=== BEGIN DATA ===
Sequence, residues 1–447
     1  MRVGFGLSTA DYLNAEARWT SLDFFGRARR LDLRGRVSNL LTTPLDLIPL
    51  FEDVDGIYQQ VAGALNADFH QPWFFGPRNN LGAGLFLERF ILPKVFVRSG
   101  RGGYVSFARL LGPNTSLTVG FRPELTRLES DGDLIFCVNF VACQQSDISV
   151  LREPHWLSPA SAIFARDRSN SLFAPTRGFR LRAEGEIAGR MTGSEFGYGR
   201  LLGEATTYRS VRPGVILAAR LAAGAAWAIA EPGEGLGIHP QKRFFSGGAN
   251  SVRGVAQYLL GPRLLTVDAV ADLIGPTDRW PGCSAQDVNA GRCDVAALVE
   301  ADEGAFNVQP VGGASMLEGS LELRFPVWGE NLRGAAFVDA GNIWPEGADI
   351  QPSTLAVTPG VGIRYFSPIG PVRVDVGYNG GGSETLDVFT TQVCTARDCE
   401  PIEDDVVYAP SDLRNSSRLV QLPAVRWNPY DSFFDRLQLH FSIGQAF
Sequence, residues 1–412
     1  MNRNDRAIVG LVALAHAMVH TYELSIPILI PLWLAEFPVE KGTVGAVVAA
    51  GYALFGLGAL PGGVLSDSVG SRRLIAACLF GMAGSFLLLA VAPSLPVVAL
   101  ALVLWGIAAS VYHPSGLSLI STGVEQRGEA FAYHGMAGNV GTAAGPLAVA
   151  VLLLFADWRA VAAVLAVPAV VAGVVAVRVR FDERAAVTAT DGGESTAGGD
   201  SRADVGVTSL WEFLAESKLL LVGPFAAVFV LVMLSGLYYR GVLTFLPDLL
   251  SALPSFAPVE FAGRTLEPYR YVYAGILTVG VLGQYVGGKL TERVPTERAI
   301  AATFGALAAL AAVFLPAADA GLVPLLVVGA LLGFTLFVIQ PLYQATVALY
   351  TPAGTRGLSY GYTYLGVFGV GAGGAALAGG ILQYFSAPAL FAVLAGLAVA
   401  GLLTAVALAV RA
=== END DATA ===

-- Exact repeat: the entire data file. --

Sequence, residues 1–447
     1  MRVGFGLSTA DYLNAEARWT SLDFFGRARR LDLRGRVSNL LTTPLDLIPL
    51  FEDVDGIYQQ VAGALNADFH QPWFFGPRNN LGAGLFLERF ILPKVFVRSG
   101  RGGYVSFARL LGPNTSLTVG FRPELTRLES DGDLIFCVNF VACQQSDISV
   151  LREPHWLSPA SAIFARDRSN SLFAPTRGFR LRAEGEIAGR MTGSEFGYGR
   201  LLGEATTYRS VRPGVILAAR LAAGAAWAIA EPGEGLGIHP QKRFFSGGAN
   251  SVRGVAQYLL GPRLLTVDAV ADLIGPTDRW PGCSAQDVNA GRCDVAALVE
   301  ADEGAFNVQP VGGASMLEGS LELRFPVWGE NLRGAAFVDA GNIWPEGADI
   351  QPSTLAVTPG VGIRYFSPIG PVRVDVGYNG GGSETLDVFT TQVCTARDCE
   401  PIEDDVVYAP SDLRNSSRLV QLPAVRWNPY DSFFDRLQLH FSIGQAF
Sequence, residues 1–412
     1  MNRNDRAIVG LVALAHAMVH TYELSIPILI PLWLAEFPVE KGTVGAVVAA
    51  GYALFGLGAL PGGVLSDSVG SRRLIAACLF GMAGSFLLLA VAPSLPVVAL
   101  ALVLWGIAAS VYHPSGLSLI STGVEQRGEA FAYHGMAGNV GTAAGPLAVA
   151  VLLLFADWRA VAAVLAVPAV VAGVVAVRVR FDERAAVTAT DGGESTAGGD
   201  SRADVGVTSL WEFLAESKLL LVGPFAAVFV LVMLSGLYYR GVLTFLPDLL
   251  SALPSFAPVE FAGRTLEPYR YVYAGILTVG VLGQYVGGKL TERVPTERAI
   301  AATFGALAAL AAVFLPAADA GLVPLLVVGA LLGFTLFVIQ PLYQATVALY
   351  TPAGTRGLSY GYTYLGVFGV GAGGAALAGG ILQYFSAPAL FAVLAGLAVA
   401  GLLTAVALAV RA